wpostServer: http://css.washingtonpost.com/wpost2

Most Read: Opinions

direct signup

Today’s Opinions poll

Will Rep. Paul Ryan's anti-poverty proposal help the poor?

Submit
Next
Review your answers and share

Join a Discussion

12:00 PM Dr. Gridlock
2:00 PM Talk about Travel

Weekly schedule, past shows

ThePlumLIneGS whorunsgov plumline
Posted at 08:46 AM ET, 07/07/2011

The Morning Plum

* Massive deficit deal taking shape? The Post and the Times both weigh in this morning with mega-scoops on the current state of the debt talks, with Obama apparently prepared to offer major cuts to Social Security and Medicare — though details are scarce — in exchange for as much as $1 trillion in new revenues from Republicans.

They both have the feel of trial balloons being floated by the White House and/or Dems to gain theatrical advantage in advance of today’s big meeting between Obama and Congressional leaders, and there are a few key points to glean from both stories.

* Obama does “big things”: First, the leaks position the President as the main force pushing for an even bigger deal — $4 trillion in savings — than either side previously envisioned. This is in keeping with one of the central messages of Obama’s presidency and reelection campaign: He does “big things,” and refuses to accept conventional views of the limitations that petty partisanship and the “smallness of our politics” have placed on what’s possible. Of course, he’s also placing an awfully big bet on the notion that accomplishing “big things” on deficit reduction is a key to reelection — presumably to reassure independents worried about off-the-rails Dem spending — even as unemployment, the top concern of voters, remains dangerously high.

* $1 trillion in new revenues? Really? The second point: Approach John Boehner’s offer of as much as $1 trillion in new revenues — which Boehner privately signaled openness to — with caution. The Times adds the key detail that Boehner is pushing to lower tax rates while closing loopholes, so the degree of true flexibility here is unclear.

* White House braces for blast of “sell-out” criticism from Dems: The third key point: The White House is now floating the argument officials will make to Congressional Democrats who will inevitably be angered with the big entitlements changes Obama seems to want. The Times channels the White House: “Democrats will be in stronger shape politically heading into November 2012 if they help enact a credible deficit reduction deal, allowing them to mount the argument that they protected Medicare from a much more drastic overhaul by Republicans.”

In other words, White House officials seem to have adopted the opposite view of many liberals, who say that cutting Medicare would deprive Dems of a major way of drawing a contrast with Republicans in 2012. The White House’s view seems to be that reaching a deal that cuts Medicare will allow Dems to continue drawing a contrast by arguing that they took the deficit off the table as an issue and thus protected Medicare from the much deeper cuts envisioned by Republicans.

* White House’s argument on entitlements: Along those lines, White House officials tell ABC News that cuts to Social Security and Medicare will be modest compared to those championed by the GOP.

* Will Dems swallow big entitlement cuts? Senator Sheldon Whitehouse puts Obama on notice: “I think it is a risky thing for the White House to basically take the bet that we can be presented with something at the last minute and we will go for it.”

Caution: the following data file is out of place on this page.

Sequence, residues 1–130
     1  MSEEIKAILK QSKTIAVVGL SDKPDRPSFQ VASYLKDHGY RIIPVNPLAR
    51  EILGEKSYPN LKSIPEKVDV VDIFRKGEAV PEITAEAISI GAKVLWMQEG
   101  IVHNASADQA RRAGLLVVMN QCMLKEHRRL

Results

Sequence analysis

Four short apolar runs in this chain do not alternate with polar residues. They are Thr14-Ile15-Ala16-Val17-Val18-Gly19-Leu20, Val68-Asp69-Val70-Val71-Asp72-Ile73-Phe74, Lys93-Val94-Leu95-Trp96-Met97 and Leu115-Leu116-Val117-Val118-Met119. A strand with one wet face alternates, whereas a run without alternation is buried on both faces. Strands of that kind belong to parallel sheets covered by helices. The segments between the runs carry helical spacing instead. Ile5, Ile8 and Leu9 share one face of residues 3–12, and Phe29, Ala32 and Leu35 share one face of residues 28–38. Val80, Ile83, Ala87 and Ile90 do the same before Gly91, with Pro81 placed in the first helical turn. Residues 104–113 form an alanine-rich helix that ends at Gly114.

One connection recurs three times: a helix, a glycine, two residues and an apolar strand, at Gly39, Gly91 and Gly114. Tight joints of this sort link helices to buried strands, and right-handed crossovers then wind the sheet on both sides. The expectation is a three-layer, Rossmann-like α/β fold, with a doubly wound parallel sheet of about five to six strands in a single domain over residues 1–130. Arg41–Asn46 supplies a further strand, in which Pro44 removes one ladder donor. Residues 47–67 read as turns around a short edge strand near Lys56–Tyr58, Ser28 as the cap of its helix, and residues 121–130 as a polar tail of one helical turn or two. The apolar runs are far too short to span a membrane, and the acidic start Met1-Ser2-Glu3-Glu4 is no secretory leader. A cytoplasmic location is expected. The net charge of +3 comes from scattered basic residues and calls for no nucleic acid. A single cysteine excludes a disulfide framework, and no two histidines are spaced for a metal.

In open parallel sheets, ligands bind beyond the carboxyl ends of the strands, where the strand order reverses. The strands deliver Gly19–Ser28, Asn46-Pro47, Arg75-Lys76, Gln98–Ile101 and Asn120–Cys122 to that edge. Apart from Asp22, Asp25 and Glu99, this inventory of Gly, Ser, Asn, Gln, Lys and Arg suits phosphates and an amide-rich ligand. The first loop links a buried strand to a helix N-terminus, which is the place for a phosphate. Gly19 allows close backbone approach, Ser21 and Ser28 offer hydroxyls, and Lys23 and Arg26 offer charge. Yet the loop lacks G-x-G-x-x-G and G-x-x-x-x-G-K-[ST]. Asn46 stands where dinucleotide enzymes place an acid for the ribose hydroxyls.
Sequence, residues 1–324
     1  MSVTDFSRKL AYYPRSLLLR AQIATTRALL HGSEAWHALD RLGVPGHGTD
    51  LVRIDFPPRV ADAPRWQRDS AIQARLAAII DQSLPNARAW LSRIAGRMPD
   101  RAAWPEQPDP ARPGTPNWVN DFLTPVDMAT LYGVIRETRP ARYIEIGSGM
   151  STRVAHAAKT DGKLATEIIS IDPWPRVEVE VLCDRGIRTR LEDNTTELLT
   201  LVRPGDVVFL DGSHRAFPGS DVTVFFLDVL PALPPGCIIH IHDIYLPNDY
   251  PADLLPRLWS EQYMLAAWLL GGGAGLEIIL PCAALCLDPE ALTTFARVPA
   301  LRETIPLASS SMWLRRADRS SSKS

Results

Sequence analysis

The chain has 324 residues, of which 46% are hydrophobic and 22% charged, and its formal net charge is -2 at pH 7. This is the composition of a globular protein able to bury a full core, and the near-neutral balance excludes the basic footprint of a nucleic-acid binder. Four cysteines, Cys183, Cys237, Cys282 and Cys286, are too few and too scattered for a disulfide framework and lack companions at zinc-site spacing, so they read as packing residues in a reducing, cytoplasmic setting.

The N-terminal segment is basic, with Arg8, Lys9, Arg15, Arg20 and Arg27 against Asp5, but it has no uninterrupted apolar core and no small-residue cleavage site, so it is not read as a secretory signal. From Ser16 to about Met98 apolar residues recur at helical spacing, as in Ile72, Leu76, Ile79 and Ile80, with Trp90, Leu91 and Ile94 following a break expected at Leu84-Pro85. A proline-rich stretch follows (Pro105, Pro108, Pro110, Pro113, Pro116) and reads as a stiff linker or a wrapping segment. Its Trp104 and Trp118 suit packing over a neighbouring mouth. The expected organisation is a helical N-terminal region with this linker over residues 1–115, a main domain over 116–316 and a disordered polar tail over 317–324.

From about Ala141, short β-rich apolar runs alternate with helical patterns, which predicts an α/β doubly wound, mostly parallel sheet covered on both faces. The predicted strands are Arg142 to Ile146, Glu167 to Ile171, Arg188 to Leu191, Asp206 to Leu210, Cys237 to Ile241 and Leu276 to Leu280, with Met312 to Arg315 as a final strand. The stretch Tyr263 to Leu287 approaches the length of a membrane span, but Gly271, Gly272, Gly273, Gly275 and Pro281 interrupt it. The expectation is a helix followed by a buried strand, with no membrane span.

* Do House Dems have any leverage? With many Republicans likely to vote No on any debt ceiling deal, the GOP leadership will need Democrats to pass an eventual compromise. And so, as E.J. Dionne notes, Nancy Pelosi and Steny Hoyer should use this as a leverage point to prevent the deal from being too much of a sellout.

ICYMI: Dem Rep. Peter Welsh urges fellow Dems to vote No on any debt ceiling deal that’s badly skewed in the direction of spending cuts.

* Why liberals are upset with Obama’s handling of debt talks: Michael Crowley has the most comprehensive rundown I’ve seen yet of the left’s indictment of the President’s handling of this whole affair.

* Senate Dems still holding out for crazy notion of real compromise: Amazingly, many Senate Democrats are now embracing Kent Conrad’s call for deficit reduction through a 50-50 split between new revenues and spending cuts.

These poor, deluded souls have not gotten the memo that “bipartisan compromise” in Washington means Republicans getting pretty much everything they want.

* Dems hold the edge in Wisconsin recall fight: Chris Bowers has a comprehensive breakdown of the fundraising edge Dems hold, and it’s all fueled by small donors and unions, another sign that the grassroots energy unleashed by Scott Walker’s overreach seems to be holding.

* Twitter town hall exposed Beltway press’s priorities: Interesting stuff from Jason Linkins on how yesterday’s Obama Twitter-thon showed ordinary participants asknig far more questions about jobs than deficit-obsessed Washington reporters posed.

* 2012 GOP candidates spew nonstop falsehoods: Post fact-checker Glenn Kessler takes a big-picture look at the record and concludes that the 2012 GOP hopefuls are lying a good deal more often than Obama, though Mitt Romney does pretty well, too.

* And Bachmann doubles down on debt-ceiling demagoguery: From Michele Bachmann’s first ad, in Iowa: “I. Will. Not. Vote. To raise the debt ceiling.”

Clearly, Bachmann intends to seize on the eventual debt ceiling vote to demagogue her way to victory in the Iowa caucuses, and it’ll be interesting to see how the other 2012 hopefuls respond.

What else is happening?

By  |  08:46 AM ET, 07/07/2011

 
Read what others are saying
     

    © 2011 The Washington Post Company